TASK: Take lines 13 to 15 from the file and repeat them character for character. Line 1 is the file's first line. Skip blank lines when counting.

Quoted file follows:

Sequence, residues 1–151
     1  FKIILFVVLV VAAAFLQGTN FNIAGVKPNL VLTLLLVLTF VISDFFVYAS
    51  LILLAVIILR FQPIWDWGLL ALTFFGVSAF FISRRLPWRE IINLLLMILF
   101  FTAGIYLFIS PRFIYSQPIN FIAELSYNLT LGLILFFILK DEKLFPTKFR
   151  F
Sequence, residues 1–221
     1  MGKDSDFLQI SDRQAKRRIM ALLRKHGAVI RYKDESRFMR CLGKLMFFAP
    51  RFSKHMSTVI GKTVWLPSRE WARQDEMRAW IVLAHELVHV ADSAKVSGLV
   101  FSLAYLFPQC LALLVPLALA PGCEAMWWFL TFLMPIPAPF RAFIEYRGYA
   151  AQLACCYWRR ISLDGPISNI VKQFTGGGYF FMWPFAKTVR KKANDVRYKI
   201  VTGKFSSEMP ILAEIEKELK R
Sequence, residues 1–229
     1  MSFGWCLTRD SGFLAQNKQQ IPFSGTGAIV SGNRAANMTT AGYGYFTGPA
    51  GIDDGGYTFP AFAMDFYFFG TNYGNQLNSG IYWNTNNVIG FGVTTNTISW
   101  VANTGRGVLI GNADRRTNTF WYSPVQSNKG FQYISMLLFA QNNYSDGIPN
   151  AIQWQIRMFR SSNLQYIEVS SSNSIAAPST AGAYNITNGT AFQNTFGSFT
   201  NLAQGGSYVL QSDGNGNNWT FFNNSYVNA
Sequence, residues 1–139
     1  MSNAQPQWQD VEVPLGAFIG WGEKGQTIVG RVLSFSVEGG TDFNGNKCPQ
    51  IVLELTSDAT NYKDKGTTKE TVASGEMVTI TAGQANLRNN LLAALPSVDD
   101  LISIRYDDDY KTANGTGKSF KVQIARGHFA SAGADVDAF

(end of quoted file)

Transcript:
     1  MSFGWCLTRD SGFLAQNKQQ IPFSGTGAIV SGNRAANMTT AGYGYFTGPA
    51  GIDDGGYTFP AFAMDFYFFG TNYGNQLNSG IYWNTNNVIG FGVTTNTISW
   101  VANTGRGVLI GNADRRTNTF WYSPVQSNKG FQYISMLLFA QNNYSDGIPN